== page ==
The original rationale for this type of housing was its mobility. Units were initially marketed primarily to people whose lifestyle required mobility. However, beginning in the 1950s, the homes began to be marketed primarily as an inexpensive form of housing designed to be set up and left in a location for long periods of time, or even permanently installed with a masonry foundation. Previously, units had been eight feet or less in width, but in 1956, the 10-foot (3 m) wide home ("ten-wide") was introduced, along with the new term "mobile home." The homes were given a rectangular shape, made from pre-painted aluminum panels, rather than the streamlined shape of travel trailers, which were usually painted after assembly. All of this helped increase the difference between these homes and house/travel trailers. The smaller, "eight-wide" units could be moved simply with a car, but the larger, wider units ("ten-wide", and, later, twelve-wide") usually required the services of a professional trucking company, and, often, a special moving permit from a state highway department. During the 1960s and '70s, the homes were made even longer and wider, making the mobility of the units more difficult. Nowadays, when a factory-built home is moved to a location, it is usually kept there permanently and the mobility of the units has considerably decreased. In some states, mobile homes have been taxed as personal property if the wheels remain attached, but as real estate if the wheels are removed.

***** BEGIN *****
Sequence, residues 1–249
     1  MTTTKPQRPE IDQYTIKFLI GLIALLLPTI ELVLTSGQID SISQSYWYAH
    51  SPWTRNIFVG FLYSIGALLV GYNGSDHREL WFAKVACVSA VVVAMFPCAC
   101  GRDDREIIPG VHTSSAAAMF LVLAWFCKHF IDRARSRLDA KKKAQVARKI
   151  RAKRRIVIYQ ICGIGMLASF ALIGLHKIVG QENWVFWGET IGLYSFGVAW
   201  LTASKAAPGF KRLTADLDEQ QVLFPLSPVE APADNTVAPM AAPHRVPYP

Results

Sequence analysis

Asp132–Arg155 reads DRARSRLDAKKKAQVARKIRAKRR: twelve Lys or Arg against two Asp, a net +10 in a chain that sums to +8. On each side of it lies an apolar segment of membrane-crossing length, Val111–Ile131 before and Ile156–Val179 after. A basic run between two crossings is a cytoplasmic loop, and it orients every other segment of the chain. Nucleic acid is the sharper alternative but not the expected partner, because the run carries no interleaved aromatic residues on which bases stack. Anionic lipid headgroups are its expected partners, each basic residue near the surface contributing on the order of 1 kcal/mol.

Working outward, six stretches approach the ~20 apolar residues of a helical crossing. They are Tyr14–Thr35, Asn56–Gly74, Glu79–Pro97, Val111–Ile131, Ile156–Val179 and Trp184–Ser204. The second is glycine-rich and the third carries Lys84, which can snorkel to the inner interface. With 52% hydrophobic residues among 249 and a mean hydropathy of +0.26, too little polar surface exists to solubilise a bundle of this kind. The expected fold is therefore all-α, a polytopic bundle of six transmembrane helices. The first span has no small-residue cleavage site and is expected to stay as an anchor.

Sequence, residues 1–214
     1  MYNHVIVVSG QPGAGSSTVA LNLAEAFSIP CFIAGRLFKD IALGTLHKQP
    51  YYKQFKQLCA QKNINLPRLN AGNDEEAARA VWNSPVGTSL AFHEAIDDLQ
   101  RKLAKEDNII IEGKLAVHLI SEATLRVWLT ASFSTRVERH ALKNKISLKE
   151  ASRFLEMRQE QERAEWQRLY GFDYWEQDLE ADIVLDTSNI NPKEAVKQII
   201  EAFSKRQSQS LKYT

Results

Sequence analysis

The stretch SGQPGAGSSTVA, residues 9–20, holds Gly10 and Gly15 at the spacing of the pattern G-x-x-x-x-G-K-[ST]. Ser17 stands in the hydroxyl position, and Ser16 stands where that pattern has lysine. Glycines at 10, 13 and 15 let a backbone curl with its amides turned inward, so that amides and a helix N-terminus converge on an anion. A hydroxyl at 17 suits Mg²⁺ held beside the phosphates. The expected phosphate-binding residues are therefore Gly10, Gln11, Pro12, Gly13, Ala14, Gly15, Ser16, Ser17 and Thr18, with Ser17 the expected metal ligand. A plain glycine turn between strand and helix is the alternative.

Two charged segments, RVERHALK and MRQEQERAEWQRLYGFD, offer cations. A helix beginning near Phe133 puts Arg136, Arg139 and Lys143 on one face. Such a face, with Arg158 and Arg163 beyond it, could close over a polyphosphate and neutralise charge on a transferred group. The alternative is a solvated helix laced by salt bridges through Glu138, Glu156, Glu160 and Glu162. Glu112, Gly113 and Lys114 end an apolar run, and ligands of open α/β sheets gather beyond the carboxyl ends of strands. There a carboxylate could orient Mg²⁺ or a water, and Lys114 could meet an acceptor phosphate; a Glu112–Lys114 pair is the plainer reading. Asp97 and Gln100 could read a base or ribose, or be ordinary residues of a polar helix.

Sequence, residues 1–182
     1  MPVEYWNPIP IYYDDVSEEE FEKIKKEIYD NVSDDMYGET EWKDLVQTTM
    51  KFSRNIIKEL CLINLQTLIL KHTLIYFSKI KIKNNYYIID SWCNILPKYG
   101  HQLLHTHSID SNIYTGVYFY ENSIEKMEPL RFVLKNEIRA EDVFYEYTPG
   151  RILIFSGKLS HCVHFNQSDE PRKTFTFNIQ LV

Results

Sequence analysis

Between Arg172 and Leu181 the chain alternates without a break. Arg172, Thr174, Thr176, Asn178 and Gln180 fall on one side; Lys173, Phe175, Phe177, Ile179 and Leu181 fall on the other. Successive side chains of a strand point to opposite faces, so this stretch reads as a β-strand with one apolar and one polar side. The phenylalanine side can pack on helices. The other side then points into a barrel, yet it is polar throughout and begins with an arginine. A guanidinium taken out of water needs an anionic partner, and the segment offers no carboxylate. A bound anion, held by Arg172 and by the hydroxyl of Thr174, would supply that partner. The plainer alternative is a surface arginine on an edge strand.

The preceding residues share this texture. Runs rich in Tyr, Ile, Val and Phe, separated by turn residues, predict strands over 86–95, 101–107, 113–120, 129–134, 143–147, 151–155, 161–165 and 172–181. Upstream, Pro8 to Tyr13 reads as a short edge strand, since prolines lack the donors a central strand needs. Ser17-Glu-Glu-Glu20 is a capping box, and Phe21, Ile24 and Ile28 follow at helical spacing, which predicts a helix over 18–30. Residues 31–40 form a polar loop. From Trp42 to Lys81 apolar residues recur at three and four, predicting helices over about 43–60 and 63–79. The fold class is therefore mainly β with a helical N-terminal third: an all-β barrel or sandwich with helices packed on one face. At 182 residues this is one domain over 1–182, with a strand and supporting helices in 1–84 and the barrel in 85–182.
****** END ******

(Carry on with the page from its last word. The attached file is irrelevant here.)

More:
Many people who could not afford a traditional site-built home or did not desire to commit to spending a large sum of money on housing began to see factory-built homes as a viable alternative for long-term housing needs. The units were often marketed as an alternative to apartment rental. However, the tendency of the units of this era to depreciate rapidly in resale value made using them as collateral for loans much riskier than traditional home loans. Terms were usually limited to less than the thirty year term typical of the general home-loan market, and interest rates were considerably higher. In other words, home loans resembled motor vehicle loans more than traditional home mortgages.

 Regulation